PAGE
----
Why so many today want to isolate America as if it were an exclusively racist nation is beyond me. Take a census of anynation’s population and that is exactly the number of sinners it has.
The only remedy for racism in America – or in any nation for that matter – is the gospel of Jesus Christ. For only the gospel, working through the power of the Spirit of God, can transform the sinful hearts of those who inhabit it (Exodus 22:21; Ezekiel 36:26-27;Romans 1:16: 1 John 3:16-17; 1 John 4:7; 20).
Tell Them I’m Not Home
America has a tarnished history. Absolutely, it does. You will get no argument from me there.
Then, again, tarnishing things is what sinners do.
Because sinners are themselves tarnished (Ephesians 2:1-3).
As Christians who live in America, we must be ever-mindful that our identity is found only in Jesus Christ (Galatians 3:27-28) and that America is not our home.
With this reality in mind, any displays of “patriotism”, for lack of a better word, must be offset by the understanding that our truehome is in heaven, the only place where perfect justice and righteousness dwells.
“And the city has no need of the sun or of the moon to shine on it, for the glory of the Lord has illumined it, and its lamp is the Lamb. The nations will walk by its light, and the kings of the earth will bring their glory into it. In the daytime (for there will be no night there) its gates will never be closed; and they will bring the glory and the honor of the nations into it; and nothing unclean, and no one who practices abomination and lying, shall ever come into it, but only those whose names are written in the Lamb’s book of life.” – Revelation 21:23-27 (NASB)
That said, notwithstanding its history of slavery, and other abuses of humanity that have occurred and that continue to occur (e.g. abortion), I consider myself blessed by God to live in this nation.
As imperfect as America is, and imperfect as it undoubtedly will remain, to have been born and raised in this nation, despite the material possessions my family never had or the opportunities with which we were never presented, is nothing short of an act of grace on the part of a sovereign God who, in His wisdom and omniscience, could have chosen otherwise for me.
I am thankful He did not (Acts 17:26).
If I had to do it all over again, there is nothing about my experience as a black American that I would change.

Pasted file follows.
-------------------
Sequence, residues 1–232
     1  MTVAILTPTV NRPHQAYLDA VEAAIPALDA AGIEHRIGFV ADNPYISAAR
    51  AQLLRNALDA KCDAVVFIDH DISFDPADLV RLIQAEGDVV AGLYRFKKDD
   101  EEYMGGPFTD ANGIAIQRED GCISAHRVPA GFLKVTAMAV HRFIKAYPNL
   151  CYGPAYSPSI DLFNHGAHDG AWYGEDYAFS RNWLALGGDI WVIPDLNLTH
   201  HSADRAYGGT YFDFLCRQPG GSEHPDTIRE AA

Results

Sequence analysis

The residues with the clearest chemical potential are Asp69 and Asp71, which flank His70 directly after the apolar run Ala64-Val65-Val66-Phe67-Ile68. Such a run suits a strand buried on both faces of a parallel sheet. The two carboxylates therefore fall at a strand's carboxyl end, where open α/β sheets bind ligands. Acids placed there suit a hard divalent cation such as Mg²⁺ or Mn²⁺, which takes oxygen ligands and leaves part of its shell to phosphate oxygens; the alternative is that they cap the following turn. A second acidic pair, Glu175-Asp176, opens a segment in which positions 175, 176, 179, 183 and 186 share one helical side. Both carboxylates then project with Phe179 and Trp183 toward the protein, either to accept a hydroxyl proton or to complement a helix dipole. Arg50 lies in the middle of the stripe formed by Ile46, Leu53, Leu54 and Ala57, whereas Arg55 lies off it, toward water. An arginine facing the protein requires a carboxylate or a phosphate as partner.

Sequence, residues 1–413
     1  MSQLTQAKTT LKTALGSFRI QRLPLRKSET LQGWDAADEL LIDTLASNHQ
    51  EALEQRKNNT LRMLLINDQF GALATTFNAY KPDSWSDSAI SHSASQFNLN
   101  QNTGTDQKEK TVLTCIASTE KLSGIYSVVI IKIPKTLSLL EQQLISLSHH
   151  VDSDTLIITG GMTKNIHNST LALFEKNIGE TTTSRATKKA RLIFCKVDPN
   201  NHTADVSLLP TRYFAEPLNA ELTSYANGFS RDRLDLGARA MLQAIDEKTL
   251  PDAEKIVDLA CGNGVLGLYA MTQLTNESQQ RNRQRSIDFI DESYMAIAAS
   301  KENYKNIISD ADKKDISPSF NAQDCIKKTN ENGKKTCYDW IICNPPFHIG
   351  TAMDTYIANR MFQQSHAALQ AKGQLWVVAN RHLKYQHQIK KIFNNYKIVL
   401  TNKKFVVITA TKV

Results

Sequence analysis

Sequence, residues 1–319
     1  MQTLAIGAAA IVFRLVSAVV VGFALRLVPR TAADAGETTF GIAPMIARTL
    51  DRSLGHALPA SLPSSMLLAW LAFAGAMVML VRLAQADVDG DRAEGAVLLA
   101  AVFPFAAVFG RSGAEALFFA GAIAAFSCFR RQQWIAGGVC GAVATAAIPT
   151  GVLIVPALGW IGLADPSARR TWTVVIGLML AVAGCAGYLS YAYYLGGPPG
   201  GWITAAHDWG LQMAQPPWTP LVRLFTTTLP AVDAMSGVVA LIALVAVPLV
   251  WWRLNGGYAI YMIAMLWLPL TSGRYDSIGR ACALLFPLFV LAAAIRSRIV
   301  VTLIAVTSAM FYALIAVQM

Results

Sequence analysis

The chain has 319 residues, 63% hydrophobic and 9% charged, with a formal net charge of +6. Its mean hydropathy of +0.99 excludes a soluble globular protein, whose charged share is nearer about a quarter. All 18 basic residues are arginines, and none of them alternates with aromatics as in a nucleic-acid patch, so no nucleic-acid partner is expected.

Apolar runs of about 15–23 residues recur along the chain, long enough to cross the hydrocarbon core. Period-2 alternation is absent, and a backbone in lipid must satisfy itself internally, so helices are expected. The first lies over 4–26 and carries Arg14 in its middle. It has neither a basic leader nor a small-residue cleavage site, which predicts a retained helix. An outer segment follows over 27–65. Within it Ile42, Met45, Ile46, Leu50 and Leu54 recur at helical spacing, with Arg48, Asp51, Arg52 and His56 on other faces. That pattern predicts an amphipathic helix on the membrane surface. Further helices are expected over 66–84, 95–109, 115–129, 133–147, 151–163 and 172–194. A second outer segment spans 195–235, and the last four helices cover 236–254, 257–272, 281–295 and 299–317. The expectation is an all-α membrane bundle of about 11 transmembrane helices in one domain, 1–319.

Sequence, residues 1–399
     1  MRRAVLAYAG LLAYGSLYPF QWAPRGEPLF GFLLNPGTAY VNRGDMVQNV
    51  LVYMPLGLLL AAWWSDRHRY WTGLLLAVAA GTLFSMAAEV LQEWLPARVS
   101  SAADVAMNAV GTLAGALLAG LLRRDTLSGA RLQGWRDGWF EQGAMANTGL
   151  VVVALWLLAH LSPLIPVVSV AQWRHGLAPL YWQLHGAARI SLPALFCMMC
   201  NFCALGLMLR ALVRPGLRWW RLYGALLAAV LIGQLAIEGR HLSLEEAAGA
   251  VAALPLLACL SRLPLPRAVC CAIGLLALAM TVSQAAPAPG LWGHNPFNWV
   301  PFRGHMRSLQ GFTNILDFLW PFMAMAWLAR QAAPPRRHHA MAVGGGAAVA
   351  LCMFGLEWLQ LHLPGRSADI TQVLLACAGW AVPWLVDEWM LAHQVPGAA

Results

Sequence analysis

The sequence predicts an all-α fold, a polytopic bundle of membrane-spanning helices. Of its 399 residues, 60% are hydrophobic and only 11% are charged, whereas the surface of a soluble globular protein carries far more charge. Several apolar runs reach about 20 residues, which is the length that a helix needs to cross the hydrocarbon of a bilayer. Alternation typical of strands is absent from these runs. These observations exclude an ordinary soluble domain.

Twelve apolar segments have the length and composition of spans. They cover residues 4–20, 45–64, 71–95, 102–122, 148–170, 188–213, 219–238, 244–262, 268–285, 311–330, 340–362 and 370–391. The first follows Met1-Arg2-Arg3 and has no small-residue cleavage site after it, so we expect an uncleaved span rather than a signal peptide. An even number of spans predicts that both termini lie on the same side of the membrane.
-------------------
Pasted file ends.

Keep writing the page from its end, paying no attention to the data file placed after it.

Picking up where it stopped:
Not one thing.
As a Christian, I realize that I am expected to live in this nation as an alien and a stranger. As such, I fully understand and accept that this country owes me nothing. Nothing at all. Likewise, I have no such expectations of it.
Contrary to what the media often depicts, I am not some angry black man looking for evidence of racism wherever I can find it, just so I can use it against this nation for my own personal benefit.
“Be glad that you are free. Free to change your mind. Free to go most anywhere, anytime. Be glad that your are free. There’s many a man who’s not. Be glad for what you have, baby, what you got.” – Prince, Free, from the album 1999.
It stands to reason that situations of injustice, unfairness, and inequality will occur in a world and nation that continues to experience the devastating effects of the fall of mankind into sin (Genesis 3). Even so, there are many more instances in this nation in which justice, fairness, and equality win out.
So, yes, I will continue to fly my American flag, support our nation’s military, study the Constitution, quote the Founding Fathers, boldly declare that I am Christian, attend church on a regular basis, pray openly and audibly at public school events, and proudly recite the Pledge of Allegiance.
All of this with the full understanding that I am looking forward to a far better country than this one (Hebrews 11:16), where I will be free to celebrate my “independence” from sin and enjoy forever the bountiful wonders of eternal life that have been graciously afforded me by the atoning work of Jesus Christ on the cross (Romans 5:6-8).
Heaven can be your home, too, if you know Christ as your Savior and Lord (1 John 5:11-12).
Soli Deo Gloria!
Darrell B. Harrison is a Reformed Baptist, theologian, U.S. Army veteran, and blogger. He blogs at JustThinking.me.
The views expressed in opinion articles are solely those of the author and are not necessarily either shared or endorsed by Black Community News.